Energy exporter Qatar is expected to continue consolidating its public finances, reduce hydrocarbon exposure and support diversification efforts, the International Monetary Fund (IMF) said in its latest regional outlook.

Overall fiscal surpluses, however, are projected to narrow among GCC members that rely on public finances for their economic diversification (Kuwait, Qatar and United Arab Emirates), due to moderating hydrocarbon prices, the IMF said.

Beyond 2024, non-hydrocarbon fiscal deficits as a percentage of non-hydrocarbon GDP are expected to generally improve across Mena oil exporters.

Alongside, lower oil production and hydrocarbon prices are expected to drive a persistent decline in the external positions over the medium term.

While non-hydrocarbon primary balances as a share of non-hydrocarbon GDP improved for Qatar, Bahrain and Oman, they deteriorated for Kuwait, Saudi Arabia, and the UAE, the IMF said.

Still, overall fiscal balances deteriorated in 2023 for most GCC economies due to lower oil revenues following oil production cuts and broadly stable oil prices.

While overall balances also worsened among non-GCC oil exporters amid lower oil revenues, non- hydrocarbon primary balances are estimated to have generally improved, the IMF noted.

Resilience in the global economy and easing global inflationary pressures are positive developments for economies in the Middle East and Central Asia, the IMF said.

Overall growth is projected to strengthen to 2.8% in 2024 (from 2% in 2023) and 4.2% in 2025.

The conflict in Gaza has caused immense human suffering. In addition, Red Sea shipping disruptions and oil production cuts have added to existing vulnerabilities related to high debt levels and elevated borrowing costs.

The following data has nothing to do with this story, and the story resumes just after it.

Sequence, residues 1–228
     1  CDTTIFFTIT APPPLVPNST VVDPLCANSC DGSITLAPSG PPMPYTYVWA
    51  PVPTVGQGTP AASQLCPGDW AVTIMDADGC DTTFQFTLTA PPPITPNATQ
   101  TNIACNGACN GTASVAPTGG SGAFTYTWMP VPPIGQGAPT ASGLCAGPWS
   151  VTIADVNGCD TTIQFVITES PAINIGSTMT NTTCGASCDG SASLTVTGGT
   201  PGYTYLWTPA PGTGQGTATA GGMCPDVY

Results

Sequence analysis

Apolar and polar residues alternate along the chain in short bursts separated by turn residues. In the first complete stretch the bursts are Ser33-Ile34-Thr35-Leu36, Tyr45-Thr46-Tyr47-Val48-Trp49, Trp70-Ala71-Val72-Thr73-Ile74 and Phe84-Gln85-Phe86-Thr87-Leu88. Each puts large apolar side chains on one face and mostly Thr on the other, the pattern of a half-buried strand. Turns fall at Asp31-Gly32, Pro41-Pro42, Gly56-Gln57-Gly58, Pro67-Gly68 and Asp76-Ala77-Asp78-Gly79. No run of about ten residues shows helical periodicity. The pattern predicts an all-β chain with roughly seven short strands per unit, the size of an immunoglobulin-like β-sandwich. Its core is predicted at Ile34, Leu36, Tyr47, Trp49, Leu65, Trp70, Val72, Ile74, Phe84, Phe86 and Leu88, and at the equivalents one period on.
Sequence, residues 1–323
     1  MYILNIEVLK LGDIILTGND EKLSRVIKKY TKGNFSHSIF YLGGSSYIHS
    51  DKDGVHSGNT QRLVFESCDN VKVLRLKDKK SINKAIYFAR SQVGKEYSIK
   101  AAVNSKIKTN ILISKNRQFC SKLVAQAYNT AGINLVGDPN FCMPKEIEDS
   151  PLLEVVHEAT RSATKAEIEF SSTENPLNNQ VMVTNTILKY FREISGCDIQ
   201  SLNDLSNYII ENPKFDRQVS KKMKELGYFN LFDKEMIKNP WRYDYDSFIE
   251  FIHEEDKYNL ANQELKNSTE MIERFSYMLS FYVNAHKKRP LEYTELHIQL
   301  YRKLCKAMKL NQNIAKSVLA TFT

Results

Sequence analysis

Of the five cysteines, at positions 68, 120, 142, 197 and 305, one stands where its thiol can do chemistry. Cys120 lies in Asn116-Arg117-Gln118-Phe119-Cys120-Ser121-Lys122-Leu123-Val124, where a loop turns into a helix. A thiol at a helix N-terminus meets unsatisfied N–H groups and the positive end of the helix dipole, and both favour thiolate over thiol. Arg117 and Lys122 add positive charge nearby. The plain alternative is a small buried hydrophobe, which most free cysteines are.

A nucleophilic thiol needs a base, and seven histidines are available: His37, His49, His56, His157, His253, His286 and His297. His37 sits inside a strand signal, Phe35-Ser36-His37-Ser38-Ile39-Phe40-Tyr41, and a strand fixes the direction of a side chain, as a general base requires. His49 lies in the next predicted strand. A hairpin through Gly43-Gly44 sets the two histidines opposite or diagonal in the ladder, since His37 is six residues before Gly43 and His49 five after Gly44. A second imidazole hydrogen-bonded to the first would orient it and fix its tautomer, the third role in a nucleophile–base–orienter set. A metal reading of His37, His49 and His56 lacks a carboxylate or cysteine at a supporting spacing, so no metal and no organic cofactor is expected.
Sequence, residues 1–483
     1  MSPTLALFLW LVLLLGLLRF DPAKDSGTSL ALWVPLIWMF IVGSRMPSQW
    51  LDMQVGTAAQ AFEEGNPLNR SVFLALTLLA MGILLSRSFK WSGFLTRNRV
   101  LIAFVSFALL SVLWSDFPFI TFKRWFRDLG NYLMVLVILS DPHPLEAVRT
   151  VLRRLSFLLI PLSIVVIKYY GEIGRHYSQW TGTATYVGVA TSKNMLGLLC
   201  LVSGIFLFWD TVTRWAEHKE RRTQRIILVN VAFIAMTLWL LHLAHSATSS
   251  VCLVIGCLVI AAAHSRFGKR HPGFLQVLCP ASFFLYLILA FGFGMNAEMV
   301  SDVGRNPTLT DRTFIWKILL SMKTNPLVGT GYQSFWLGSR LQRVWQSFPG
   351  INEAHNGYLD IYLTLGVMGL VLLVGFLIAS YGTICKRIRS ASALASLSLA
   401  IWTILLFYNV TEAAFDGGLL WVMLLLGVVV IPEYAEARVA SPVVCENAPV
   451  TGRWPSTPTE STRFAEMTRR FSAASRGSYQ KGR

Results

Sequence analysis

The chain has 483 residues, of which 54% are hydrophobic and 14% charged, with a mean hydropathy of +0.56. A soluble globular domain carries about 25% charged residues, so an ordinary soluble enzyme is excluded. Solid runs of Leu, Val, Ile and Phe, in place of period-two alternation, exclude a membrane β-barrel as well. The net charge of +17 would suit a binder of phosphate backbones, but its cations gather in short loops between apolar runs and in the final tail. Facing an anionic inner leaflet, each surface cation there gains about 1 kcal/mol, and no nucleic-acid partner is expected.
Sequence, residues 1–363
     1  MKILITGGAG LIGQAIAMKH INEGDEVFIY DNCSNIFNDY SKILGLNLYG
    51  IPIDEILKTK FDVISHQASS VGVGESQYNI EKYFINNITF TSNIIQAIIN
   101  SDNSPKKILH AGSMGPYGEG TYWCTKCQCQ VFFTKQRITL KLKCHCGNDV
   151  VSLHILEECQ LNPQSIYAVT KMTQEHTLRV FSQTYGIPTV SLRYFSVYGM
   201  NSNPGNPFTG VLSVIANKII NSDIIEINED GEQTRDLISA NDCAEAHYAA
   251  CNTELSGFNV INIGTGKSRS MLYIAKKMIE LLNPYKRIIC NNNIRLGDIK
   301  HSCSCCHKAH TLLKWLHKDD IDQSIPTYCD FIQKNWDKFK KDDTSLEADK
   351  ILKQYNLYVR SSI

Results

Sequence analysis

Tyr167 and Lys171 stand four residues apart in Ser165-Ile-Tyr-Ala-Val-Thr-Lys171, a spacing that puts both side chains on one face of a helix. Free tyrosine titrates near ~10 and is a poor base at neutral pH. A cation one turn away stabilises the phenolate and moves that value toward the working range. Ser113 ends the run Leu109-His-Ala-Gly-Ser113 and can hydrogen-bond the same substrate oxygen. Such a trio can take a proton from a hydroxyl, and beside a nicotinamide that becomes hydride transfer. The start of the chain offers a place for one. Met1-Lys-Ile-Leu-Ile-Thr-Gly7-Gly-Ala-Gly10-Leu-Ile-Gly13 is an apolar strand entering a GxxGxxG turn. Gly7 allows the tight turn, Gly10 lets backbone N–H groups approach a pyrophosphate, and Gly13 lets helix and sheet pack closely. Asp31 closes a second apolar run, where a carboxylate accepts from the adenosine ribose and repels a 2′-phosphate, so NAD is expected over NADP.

Accordingly, growth is projected to remain subdued, improving moderately to 2.7% in 2024 (from 1.9% in 2023).

In 2025, growth is projected to strengthen to 4.2% as the impact of these temporary factors is assumed to fade gradually.

Among the Gulf Cooperation Council members, non-hydrocarbon activity is set to be the main contributor to growth as countries continue to pursue growth diversification plans.

Meanwhile, Mena emerging market and middle-income countries face rising fiscal pressures, with elevated interest payments eroding efforts to strengthen fiscal positions.

The conflict in Gaza and Israel is adding to uncertainty, with the duration and impact of the conflict remaining highly uncertain, the IMF said. In addition, conflicts are also adversely impacting activity in some fragile and low-income countries, though the tide may start to turn for a few economies, with economic conditions projected to improve in 2025 as growth-dampening factors gradually wane.

On the positive side, monetary tightening cycles appear to have ended in most countries as inflation is approaching its historical average in many Mena economies, with inflation close to or even below average in one-third of economies, the IMF said.
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